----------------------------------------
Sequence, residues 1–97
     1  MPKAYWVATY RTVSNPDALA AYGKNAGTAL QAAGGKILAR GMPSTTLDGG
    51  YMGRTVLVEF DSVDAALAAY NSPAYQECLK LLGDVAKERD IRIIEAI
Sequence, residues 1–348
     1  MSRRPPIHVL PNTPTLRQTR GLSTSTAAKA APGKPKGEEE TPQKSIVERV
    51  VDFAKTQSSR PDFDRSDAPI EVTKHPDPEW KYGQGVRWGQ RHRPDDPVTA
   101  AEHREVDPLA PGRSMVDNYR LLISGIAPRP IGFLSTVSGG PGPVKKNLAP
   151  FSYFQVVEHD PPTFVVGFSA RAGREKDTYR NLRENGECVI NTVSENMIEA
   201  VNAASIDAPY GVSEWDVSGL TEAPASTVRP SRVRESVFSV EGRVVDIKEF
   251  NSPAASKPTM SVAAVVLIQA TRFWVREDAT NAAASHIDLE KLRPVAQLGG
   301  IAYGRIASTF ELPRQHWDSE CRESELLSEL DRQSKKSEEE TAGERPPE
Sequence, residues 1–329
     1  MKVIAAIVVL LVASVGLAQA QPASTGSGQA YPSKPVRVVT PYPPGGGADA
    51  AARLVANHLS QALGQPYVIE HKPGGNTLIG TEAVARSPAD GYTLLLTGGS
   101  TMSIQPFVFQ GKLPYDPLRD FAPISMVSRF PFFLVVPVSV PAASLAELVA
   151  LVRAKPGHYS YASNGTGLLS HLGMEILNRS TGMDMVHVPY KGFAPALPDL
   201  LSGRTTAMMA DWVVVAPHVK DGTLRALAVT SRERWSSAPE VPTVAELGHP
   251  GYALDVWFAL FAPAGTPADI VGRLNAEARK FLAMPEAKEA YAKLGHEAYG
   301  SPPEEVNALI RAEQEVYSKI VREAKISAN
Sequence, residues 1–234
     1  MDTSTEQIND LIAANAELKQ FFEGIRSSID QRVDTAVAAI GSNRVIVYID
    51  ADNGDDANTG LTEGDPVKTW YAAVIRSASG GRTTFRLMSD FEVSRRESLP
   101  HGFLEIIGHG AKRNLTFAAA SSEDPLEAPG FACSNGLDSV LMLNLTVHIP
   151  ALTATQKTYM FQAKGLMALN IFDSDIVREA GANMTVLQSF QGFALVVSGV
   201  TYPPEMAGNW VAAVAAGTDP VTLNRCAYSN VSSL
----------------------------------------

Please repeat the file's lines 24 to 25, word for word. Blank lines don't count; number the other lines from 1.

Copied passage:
   151  ALTATQKTYM FQAKGLMALN IFDSDIVREA GANMTVLQSF QGFALVVSGV
   201  TYPPEMAGNW VAAVAAGTDP VTLNRCAYSN VSSL